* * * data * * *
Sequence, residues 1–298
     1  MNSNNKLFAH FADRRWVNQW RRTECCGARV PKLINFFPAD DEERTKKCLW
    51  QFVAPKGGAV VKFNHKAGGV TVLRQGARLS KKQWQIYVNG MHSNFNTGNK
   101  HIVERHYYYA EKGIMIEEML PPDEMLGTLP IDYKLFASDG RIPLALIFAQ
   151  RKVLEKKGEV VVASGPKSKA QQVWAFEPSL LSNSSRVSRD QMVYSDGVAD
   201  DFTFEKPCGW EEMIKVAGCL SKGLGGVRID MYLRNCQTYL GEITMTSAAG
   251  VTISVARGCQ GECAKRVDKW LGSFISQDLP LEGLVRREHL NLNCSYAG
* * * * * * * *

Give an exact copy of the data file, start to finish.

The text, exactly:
Sequence, residues 1–298
     1  MNSNNKLFAH FADRRWVNQW RRTECCGARV PKLINFFPAD DEERTKKCLW
    51  QFVAPKGGAV VKFNHKAGGV TVLRQGARLS KKQWQIYVNG MHSNFNTGNK
   101  HIVERHYYYA EKGIMIEEML PPDEMLGTLP IDYKLFASDG RIPLALIFAQ
   151  RKVLEKKGEV VVASGPKSKA QQVWAFEPSL LSNSSRVSRD QMVYSDGVAD
   201  DFTFEKPCGW EEMIKVAGCL SKGLGGVRID MYLRNCQTYL GEITMTSAAG
   251  VTISVARGCQ GECAKRVDKW LGSFISQDLP LEGLVRREHL NLNCSYAG